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Piracy United Kingdom Your Rights Online

UK ISPs Asked To Block More File-sharing Websites 89

Posted by Soulskill
from the shut-down-everything dept.
another random user writes with this news from the BBC: "The UK's major internet service providers have been asked to block three more file-sharing websites. The BPI (British Phonographic Industry), which acts on behalf of rights holders, wants ISPs to prevent access to Fenopy, H33t and Kickass Torrents. The BPI alleges that the sites are illegally distributing music. The ISPs told the BBC they would comply with the new demand, but only if a court order is put in place. It follows a separate court order in April which saw popular file-sharing site The Pirate Bay blocked in the UK. ... The letter, which was not intended to go public, was sent to six ISPs last week, namely BT, Sky, Virgin Media, O2, EE and TalkTalk. It is understood that the BPI is hoping all three sites will be blocked before Christmas — far more quickly than the process has taken previously."
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UK ISPs Asked To Block More File-sharing Websites

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  • Oh, never mind; misread that.

  • by Anonymous Coward

    Come on, really?

  • Imagine if you will, a country where any company or group can have any website blocked because they don agree with the content.

    Better start setting up some fast VPNs, guys, because it won't be long before this gets out of hand.
    • Re: (Score:1, Interesting)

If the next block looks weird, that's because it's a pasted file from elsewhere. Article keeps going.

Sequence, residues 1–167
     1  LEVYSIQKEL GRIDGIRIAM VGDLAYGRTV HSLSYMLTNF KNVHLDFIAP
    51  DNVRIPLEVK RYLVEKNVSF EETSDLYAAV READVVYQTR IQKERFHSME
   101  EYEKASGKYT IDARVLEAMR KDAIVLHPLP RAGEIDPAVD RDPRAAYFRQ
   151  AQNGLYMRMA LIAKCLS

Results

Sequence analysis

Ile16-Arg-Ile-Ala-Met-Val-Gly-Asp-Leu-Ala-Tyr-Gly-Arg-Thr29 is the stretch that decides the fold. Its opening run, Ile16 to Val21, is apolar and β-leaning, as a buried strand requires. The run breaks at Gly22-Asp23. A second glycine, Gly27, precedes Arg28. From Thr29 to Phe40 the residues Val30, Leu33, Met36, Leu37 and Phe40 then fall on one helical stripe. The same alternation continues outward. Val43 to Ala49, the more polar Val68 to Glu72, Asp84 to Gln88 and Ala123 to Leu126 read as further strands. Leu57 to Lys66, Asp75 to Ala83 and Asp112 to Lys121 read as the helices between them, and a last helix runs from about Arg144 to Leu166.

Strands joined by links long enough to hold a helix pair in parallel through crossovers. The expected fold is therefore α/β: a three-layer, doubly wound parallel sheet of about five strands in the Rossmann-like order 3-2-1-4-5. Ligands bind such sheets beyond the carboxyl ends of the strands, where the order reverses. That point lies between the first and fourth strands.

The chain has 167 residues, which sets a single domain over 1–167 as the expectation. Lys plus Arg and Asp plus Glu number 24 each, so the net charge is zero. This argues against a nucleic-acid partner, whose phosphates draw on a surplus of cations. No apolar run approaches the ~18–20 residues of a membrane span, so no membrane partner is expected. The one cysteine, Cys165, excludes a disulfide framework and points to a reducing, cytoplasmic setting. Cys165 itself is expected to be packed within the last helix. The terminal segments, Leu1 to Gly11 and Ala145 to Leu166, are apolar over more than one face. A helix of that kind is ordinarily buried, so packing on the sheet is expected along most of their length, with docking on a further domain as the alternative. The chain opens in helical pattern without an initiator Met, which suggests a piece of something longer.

by Anonymous Coward

      I object to these sorts of bans because they don't work. Everyone in the UK can easily access the pirate bay through a mirror hosted by the UK pirate party.

      However, not agreeing with the content is very different from attempting to block websites that almost exclusively serve illegal content. It would be the same as saying that a country that has made murder illegal is just in the habbit of banning acts it doesn't approve of.

      • Some of us don't even need to use a mirror - we use Fastnet for our ISP at work here in London and they haven't blocked it.

    • The Pirate Bay blockade is pathetic - if the best they can do is a poor King Canute imitation, I'm really not worried.

    • by Nevynxxx (932175)

      Which part of the "Hopefully before Christmas....Quicker than before" makes you think we need to get VPNs up *quickly*?

      Welcome to the UK, where your Police State moves that slowly it never catches up to you!

  • by JosKarith (757063) on Wednesday October 24, 2012 @03:16AM (#41749513)
    So TPB's ban was the thin end of the wedge? What a surprise.